School health in action:

Mindfulness for mental health

When you step into many of the classrooms and schools within Rocky View Schools (RVS), it doesn’t take long to see, hear, or feel mindfulness in the air.

Take a moment. Here's what you'll notice: 

  • Daily mindful practices, like sensing activities during morning circle
  • Mindfulness activities woven into lessons and activities, such as:
    • Stretching, yoga, and mindful movement in physical education
    • Mindful seeing in art
    • Mindful nature walks
  • Chimes, singing bowls, and other rich sounds to cue students and staff for brain breaks—reminding them to take deep breaths and calm themselves
  • Mindfulness prompts, stations, and tools set up in school spaces
  • Classroom conversations about how our brains work, with a focus on helping each student find the mindfulness techniques that work best for them

Mindfulness is infused into the routines, practices, and learning environments.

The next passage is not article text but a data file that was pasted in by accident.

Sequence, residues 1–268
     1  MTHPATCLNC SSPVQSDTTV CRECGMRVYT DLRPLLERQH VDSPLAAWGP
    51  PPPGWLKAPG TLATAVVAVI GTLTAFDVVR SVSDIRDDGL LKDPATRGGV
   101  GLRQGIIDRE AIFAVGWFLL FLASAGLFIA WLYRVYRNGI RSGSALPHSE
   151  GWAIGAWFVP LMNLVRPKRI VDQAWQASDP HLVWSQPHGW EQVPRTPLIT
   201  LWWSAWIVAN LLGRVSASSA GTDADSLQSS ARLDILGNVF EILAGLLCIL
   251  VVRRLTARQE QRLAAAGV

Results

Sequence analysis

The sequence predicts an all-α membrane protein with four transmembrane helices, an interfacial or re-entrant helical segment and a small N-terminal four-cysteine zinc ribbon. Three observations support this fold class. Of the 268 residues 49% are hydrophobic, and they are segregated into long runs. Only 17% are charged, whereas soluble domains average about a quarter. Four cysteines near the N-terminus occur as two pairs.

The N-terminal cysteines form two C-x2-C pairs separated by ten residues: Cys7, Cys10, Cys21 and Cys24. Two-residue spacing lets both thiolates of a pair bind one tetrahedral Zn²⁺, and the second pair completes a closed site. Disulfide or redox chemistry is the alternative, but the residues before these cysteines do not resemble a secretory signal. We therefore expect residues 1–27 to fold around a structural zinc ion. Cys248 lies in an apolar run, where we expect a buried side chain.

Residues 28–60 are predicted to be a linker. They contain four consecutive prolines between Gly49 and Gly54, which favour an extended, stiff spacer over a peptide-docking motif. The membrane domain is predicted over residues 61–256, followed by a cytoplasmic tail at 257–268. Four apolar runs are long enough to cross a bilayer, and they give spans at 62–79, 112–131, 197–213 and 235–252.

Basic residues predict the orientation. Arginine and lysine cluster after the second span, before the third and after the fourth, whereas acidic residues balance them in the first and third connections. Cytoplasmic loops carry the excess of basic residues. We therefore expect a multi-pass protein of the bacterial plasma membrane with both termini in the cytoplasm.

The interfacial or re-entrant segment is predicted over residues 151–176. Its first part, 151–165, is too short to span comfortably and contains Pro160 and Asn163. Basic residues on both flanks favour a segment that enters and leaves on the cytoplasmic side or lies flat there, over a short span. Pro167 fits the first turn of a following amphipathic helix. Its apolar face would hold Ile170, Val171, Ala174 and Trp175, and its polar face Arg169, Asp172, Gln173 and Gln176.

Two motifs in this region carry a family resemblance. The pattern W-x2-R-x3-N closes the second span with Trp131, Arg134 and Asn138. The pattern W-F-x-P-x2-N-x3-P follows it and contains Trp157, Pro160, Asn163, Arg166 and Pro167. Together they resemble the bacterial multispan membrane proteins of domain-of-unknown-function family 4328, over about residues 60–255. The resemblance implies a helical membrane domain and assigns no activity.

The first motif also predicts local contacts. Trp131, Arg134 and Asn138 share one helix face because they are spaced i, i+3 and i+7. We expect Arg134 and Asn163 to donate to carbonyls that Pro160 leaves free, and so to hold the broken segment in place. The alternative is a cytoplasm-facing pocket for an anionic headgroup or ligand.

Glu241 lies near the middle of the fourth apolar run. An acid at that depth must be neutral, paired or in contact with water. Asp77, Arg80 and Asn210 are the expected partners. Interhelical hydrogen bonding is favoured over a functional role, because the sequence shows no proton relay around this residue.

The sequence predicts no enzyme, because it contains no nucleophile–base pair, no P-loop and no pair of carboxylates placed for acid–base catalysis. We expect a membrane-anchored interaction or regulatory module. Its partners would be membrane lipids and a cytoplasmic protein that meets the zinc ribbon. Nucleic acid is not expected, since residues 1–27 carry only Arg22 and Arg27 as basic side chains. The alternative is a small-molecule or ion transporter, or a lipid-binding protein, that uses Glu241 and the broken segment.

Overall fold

Trauma-informed mindfulness programming has been a priority within the school authority since 2017. It's part of a broader strategy led by Stepping Stones to Mental Health, RVS' mental health capacity building initiative.

Stepping Stones staff work in RVS schools and communities to support mindfulness and other mental health and wellness priorities. Their approach includes:

  • Mentoring teachers and staff on mindfulness techniques
  • Providing resources on mindfulness, like books, activity cards, and videos
  • Facilitating professional learning sessions and communities of practice for teachers and staff to learn from each other about mindfulness across the whole school community
  • Collaborating with local agencies that support mindfulness, including community and summer programs
  • Partnering with AHS' Community Education Service to help parents learn about mindfulness and other ways to support child and teen mental health

Mindfulness matters.

Over time, many RVS teachers and staff have become champions for mindfulness as a way of life at school. Reflecting on the difference this approach makes, some report that mindful activities have helped their students better handle emotions, solve problems, and resolve conflicts. Others say that mindfulness builds empathy in their students, so they're more ready to help their peers through challenges.

"Students are happier and more engaged because they have confidence in their ability to manage daily challenges, without getting overwhelmed." – Program Manager, Stepping Stones to Mental Health, Rocky View Schools


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